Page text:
Katie: I agree. It seems like the best outcomes in any realm happen when you address the body as a whole and work and support its natural processes versus countering them. In that realm, are there things that you found helpful personally or that you recommend to your patients that they can do at home that are supportive, whether it be certain nutritional practices? I know like it seems like sleep and hydration are across the board always good recommendations. I’m yet to have anyone in 500 guests on this podcast say sleep is not important and hydration doesn’t matter, but are there things you encourage your patients to do to help improve the effects of these treatments and also that were helpful to you when you were going through your journey?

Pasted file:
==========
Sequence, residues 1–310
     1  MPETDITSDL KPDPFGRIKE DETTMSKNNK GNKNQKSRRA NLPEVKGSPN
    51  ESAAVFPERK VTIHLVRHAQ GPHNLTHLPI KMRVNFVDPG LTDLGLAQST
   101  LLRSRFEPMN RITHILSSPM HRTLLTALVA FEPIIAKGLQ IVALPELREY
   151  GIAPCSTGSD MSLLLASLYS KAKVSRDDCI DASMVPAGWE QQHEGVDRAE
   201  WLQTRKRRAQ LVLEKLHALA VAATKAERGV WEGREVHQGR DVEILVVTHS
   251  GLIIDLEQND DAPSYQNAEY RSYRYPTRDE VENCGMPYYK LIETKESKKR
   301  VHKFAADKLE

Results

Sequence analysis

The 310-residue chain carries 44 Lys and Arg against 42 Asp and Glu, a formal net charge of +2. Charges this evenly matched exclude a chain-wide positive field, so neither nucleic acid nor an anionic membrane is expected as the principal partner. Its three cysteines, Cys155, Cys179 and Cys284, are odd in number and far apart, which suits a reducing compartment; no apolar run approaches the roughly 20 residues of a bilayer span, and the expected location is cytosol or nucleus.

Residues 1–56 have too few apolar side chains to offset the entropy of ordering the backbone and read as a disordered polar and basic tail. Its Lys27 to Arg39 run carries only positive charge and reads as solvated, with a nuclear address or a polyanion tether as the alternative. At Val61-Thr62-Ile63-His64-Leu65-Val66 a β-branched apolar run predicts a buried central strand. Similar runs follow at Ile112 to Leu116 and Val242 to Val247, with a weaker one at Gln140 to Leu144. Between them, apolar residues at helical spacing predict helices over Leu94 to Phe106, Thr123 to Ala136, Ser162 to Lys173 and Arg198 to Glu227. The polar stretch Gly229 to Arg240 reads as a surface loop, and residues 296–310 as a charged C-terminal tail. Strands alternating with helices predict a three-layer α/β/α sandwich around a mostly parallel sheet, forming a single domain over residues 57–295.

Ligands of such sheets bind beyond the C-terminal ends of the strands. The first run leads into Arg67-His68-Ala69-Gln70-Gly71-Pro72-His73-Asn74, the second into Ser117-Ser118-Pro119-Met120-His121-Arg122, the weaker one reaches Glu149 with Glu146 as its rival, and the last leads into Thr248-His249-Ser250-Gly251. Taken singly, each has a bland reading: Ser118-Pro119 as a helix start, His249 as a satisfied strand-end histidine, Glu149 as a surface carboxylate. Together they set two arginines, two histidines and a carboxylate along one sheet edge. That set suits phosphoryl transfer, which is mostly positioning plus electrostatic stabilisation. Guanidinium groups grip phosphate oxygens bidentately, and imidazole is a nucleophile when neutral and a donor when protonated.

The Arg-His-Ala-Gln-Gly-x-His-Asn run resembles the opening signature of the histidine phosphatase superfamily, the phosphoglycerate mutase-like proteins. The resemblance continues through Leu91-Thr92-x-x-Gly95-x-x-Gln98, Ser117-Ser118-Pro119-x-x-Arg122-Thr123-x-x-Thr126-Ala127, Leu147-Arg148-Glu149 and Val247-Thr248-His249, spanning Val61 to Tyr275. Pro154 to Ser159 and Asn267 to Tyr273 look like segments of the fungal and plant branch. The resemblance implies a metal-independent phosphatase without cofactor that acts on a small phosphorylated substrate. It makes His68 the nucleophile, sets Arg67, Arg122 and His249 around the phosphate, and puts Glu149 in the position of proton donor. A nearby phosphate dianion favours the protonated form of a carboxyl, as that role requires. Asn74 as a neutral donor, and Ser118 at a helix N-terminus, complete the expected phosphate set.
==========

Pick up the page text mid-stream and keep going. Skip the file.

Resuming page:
Dr. Bawa: Of course, mindset was the number one thing for me. I felt that anything I could do to calm my mind was helpful. I think meditation is underrated. I don’t think that you have to sit for an hour and, you know, stare at the space to meditate. I think meditation can be different things to different people. The idea is to calm your mind. If that is by taking a walk, if that is by listening to a piece of music you find soothing. No matter what it is, I think you need to calm your mind and find balance within yourself above all. And then I think that hydration is a wonderful thing. As you mentioned, hydration is a basic thing. If you are not hydrated, then nothing works well. Your skin, your health, in general, nothing works well without hydration. Nutritionally, I’m not telling you you have to eat organic, it’s not always feasible, but whatever you’re eating, I do recommend trying your best to have a more inclusive diet, more fruits and vegetables, not taking any group out of your diet.